When we talk about unicellular organisms, the image of tiny cells that cannot be seen with the naked eye comes to mind. However, among the micro-world of the aquarium, there are representatives that deserve special attention.
Size & appearance
Spirostomum are true giants of the world of unicellular organisms, reaching 3 mm in length and inhabiting freshwater aquariums. Spirostomum is a genus of ciliates containing 8 species of unicellular organisms belonging to the class Heterotrichea. Due to the tubular, slightly flattened shape of the cell and the nature of its movement, they can be mistaken for worms. At high magnification of the microscope, we can see that the entire cell is covered with rows of cilia, which allow Spirostomum to slowly slide on the substrate or swim freely above it.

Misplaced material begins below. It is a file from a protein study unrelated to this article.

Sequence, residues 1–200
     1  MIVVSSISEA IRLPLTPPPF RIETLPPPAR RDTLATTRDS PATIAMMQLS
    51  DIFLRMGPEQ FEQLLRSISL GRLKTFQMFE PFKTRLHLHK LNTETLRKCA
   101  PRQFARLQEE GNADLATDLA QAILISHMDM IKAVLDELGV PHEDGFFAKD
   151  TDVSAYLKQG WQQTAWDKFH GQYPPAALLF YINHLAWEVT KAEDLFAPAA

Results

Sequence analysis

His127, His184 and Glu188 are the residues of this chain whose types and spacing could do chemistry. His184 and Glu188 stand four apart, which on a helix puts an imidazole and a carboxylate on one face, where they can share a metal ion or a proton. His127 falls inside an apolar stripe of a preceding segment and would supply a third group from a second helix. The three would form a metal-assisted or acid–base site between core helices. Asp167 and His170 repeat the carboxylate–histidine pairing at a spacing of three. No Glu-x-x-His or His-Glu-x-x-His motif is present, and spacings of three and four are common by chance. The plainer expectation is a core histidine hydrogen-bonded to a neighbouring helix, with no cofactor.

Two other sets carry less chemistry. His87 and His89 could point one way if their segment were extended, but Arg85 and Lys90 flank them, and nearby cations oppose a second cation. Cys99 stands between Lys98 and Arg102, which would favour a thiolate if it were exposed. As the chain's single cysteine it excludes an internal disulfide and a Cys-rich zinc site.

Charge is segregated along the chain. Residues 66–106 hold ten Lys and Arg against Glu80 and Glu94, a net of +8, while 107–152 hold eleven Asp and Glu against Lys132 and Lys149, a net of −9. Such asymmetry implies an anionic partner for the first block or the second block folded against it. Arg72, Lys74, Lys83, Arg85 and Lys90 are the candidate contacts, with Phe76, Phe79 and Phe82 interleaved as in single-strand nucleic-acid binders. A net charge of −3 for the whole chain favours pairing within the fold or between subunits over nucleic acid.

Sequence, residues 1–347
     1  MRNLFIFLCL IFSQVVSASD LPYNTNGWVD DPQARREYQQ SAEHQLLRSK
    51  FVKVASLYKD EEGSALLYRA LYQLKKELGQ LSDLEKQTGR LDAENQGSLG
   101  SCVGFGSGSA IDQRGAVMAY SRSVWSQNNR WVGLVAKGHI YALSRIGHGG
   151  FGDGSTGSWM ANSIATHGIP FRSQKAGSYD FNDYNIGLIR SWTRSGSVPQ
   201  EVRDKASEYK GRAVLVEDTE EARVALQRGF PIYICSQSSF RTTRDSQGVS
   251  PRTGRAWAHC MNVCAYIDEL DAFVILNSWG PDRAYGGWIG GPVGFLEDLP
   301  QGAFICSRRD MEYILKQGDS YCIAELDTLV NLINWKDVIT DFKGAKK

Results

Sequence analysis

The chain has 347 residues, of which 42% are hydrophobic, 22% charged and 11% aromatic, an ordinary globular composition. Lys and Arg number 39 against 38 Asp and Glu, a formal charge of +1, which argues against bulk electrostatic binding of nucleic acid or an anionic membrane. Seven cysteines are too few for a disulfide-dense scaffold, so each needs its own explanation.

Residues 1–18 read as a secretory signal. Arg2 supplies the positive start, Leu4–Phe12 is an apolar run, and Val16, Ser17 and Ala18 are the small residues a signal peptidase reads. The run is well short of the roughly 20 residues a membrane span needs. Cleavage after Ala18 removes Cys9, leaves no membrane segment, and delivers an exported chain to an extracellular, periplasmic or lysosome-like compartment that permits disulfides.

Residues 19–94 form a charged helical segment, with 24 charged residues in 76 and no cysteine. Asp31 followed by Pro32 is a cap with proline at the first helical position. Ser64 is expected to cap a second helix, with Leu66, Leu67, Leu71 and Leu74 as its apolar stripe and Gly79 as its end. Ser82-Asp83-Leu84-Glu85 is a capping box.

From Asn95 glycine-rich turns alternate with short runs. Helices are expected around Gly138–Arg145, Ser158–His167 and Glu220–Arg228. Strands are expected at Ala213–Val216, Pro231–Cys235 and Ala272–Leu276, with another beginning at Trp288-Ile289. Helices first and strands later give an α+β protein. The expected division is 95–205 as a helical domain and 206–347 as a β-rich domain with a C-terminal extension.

Spirostomums live at the bottom of bodies of water, in an environment rich in organic deposits such as fish feces, food remnants, and dead vegetation. There they find the necessary nutrients, like small unicellular organisms and bacteria, they can consume. However, such deposits often form oxygen-free zones where Spirostomums, surprisingly, can survive. Scientists suggest that this is possible thanks to symbiotic algae inside the cell that release oxygen during photosynthesis, as well as a series of biochemical processes that occur within the cell. Species of the Spirostomum genus are used as model organisms for studying human pathogenic bacteria and are also bioindicators for determining water quality, as they demonstrate sensitivity to toxic substances such as heavy metals like copper, mercury and zinc. Therefore, if you find these microorganisms in your aquarium, you can be sure that the water quality is good. If, on the other hand, their population is too high, this may indicate overpopulation or overfeeding of fish.